Before the federal government limited grazing at Malheur National Wildlife Refuge, ranchers had turned the land to mud and cow shit.
Before the federal government limited grazing at Malheur National Wildlife Refuge, ranchers had turned the land to "mud and cow shit." steve estvanik/shutterstock.com

Since the Mahleur National Wildlife Refuge occupation began, there’s been a number of articles pointing out how deeply in the wrong these self-styled freedom fighters are. Dan pointed out white privilege, Sydney pointed out hypocrisy, and Charles pointed out capitalism.

But there is one more point to be made here: The Malheur National Wildlife Refuge is also culturally significant. It isn’t federally protected because the government hates ranchers, it’s federally protected because the American people, like the Dixie Chicks, love wide-open spaces.

In statements to the media, Ammon Bundy, who heads the occupation, has made it clear that he considers the expansion of the wildlife refuge, and its shift away from allowing private citizens to use it for commercial activity, to be counter to the interests of the “people.”

This refuge—it has been destructive to the people of the county and to the people of the area. They are continuing to expand the refuge at the expense of the ranchers and miners.

This is about taking the correct stand without harming anybody to restore the land and resources to the people so people across the country can begin thriving again.

Bundy seems to assume that if the federal government let the ranchers manage their own affairs, we’d all be riding the gravy train to prosperity station.

But my dad worked on the refuge as a field archaeologist for five years in the 1970s, and he has a very different story to tell:

My first experience with cattle grazing on the refuge lands was in the south part of the refuge near Frenchglen. Several fields between the west side canal and the Donner und Blitzen River were being used for grazing. There were lots of cattle there. I think these cattle were from one of the larger ranches in the area, can’t say which one, but Roaring Springs Ranch comes to mind. The cattle had pretty much eaten just about all available vegetation there. These fields were merely mud and cow shit. It was ugly. We were not able to survey these fields for prehistoric sites until a few years later when the fields were not used for grazing.

As my dad recalls, this poor stewardship of the land was what drove the government to limit grazing and buy up ranches:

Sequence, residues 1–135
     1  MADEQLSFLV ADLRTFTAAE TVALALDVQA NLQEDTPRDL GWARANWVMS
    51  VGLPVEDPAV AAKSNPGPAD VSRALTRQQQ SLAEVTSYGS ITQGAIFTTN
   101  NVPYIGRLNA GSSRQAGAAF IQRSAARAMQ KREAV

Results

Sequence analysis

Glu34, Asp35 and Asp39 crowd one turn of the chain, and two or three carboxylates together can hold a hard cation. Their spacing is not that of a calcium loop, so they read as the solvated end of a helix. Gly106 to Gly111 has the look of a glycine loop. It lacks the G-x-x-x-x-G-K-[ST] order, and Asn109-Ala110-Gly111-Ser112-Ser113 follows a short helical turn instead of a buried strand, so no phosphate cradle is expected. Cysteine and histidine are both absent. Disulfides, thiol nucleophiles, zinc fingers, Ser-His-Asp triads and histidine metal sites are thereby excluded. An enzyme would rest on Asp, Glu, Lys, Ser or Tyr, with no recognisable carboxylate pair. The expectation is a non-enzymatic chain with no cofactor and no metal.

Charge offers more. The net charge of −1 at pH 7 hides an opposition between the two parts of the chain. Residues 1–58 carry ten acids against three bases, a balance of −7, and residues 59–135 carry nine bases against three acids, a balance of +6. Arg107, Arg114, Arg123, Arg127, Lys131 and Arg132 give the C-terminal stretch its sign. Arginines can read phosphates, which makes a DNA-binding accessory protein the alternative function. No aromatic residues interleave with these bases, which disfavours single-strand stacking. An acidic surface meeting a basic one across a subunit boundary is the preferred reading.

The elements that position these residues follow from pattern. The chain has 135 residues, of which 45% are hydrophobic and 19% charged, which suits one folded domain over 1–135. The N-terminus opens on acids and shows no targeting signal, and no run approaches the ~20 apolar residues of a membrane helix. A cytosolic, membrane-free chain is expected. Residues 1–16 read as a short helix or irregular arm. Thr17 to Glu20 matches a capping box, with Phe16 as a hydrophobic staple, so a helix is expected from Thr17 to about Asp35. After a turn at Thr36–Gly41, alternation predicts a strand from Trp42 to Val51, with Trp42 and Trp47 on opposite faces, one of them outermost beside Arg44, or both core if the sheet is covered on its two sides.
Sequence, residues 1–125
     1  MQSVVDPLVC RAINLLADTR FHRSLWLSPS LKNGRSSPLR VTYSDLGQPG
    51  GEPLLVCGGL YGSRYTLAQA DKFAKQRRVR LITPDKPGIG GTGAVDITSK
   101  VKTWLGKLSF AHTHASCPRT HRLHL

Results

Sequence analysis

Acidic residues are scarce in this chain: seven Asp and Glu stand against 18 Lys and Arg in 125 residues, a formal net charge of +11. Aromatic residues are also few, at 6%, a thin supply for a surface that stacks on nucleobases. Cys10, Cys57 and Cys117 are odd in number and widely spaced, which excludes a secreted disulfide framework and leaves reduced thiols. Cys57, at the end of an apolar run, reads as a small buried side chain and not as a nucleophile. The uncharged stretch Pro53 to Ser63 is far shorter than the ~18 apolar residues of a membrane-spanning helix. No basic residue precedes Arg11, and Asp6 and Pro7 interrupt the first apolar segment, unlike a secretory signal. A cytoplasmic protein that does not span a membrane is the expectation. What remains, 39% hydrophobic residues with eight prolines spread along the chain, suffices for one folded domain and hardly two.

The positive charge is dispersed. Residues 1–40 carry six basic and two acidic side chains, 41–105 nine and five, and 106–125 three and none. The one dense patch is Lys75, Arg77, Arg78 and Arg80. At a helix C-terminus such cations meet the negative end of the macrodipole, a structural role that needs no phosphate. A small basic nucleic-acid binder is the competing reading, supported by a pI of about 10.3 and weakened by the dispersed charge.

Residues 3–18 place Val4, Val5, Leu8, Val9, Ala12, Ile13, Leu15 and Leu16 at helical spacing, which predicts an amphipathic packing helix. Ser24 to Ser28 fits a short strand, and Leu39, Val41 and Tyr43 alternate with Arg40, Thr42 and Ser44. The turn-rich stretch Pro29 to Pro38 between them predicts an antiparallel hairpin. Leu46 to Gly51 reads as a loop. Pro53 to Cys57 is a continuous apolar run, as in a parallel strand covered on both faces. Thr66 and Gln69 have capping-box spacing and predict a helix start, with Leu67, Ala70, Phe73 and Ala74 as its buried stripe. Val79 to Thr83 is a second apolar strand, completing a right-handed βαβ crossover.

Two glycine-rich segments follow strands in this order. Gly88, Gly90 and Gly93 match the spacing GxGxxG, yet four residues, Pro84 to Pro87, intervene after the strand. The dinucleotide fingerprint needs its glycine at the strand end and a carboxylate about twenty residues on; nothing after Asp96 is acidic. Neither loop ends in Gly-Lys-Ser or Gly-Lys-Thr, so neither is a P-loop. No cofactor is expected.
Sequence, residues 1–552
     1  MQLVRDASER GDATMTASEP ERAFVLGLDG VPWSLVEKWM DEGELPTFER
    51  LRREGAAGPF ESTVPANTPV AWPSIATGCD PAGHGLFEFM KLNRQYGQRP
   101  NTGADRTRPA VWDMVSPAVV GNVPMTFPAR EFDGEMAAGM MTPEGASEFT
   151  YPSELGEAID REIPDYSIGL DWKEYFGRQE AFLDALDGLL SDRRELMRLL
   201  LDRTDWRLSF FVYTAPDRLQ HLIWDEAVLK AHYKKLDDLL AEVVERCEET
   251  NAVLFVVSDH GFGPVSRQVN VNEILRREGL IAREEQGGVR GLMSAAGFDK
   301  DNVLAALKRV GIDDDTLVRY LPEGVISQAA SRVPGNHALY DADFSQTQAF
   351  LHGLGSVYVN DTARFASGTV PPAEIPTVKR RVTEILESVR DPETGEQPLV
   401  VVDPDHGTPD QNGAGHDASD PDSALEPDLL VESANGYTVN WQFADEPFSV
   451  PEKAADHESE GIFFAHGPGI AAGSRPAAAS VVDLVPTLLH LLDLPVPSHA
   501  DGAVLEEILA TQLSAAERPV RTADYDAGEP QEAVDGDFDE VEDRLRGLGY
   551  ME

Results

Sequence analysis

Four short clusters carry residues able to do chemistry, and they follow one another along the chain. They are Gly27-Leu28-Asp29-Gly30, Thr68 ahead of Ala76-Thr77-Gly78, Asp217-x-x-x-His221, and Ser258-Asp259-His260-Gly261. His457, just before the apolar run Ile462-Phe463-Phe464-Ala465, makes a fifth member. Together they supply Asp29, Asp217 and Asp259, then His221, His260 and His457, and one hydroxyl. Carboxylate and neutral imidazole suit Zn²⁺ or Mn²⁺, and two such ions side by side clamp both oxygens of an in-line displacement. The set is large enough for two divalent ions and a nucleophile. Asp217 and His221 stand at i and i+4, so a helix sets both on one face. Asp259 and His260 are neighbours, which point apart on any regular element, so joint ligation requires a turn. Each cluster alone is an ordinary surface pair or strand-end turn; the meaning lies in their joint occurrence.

From that time, the refuge management has focused on running a wildlife refuge, not a ranch. They have tried to do this by trading some of the refuge property for ranch property that is adjacent to the main refuge body. That has caused some problems with ranchers who have owned their property for some time and are attached to it emotionally. They see the refuge land reorganization as land grabbing. This plus less access to grazing on refuge property has inflamed some. Also, grazing fees have been raised to incentivize less usage. Another reason for the ranchers to be pissed!

Bundy’s argument is dangerous because it attempts to reduce the issue to purely economic terms. Having spent many summers in Harney County, touring the refuge with my father—looking for petroglyphs, hiking the Steens, fishing his secret fishing hole, and generally getting a glimpse into his life as a young man—I can assure you that the value of the refuge goes far beyond its utility for grazing. It’s a fascinating place, and getting to see it through my dad’s eyes was a priceless experience.

I wonder if the occupiers ever stop to reflect upon the fact that, by staging an armed occupation of a wildlife refuge, they are effectively denying those rights to the refuge's thousands of yearly visitors.

My dad, his brother, and his best friend from college were planning on taking a trip down to the refuge soon to revisit their old stomping grounds. That trip has been indefinitely postponed because Bundy and his little band of misguided patriots are clinging to the notion that they’re fighting for the American people. What they’re really fighting for is the right to destroy a beautiful place.

The authors father, Robert Bogue (right), and his college friend Dave Barrios during the time Bogue worked at Malheur.
The author's father, Robert Bogue (right), and his college friend Dave Barrios during the time Bogue worked at Malheur. Courtesy of Robert Bogue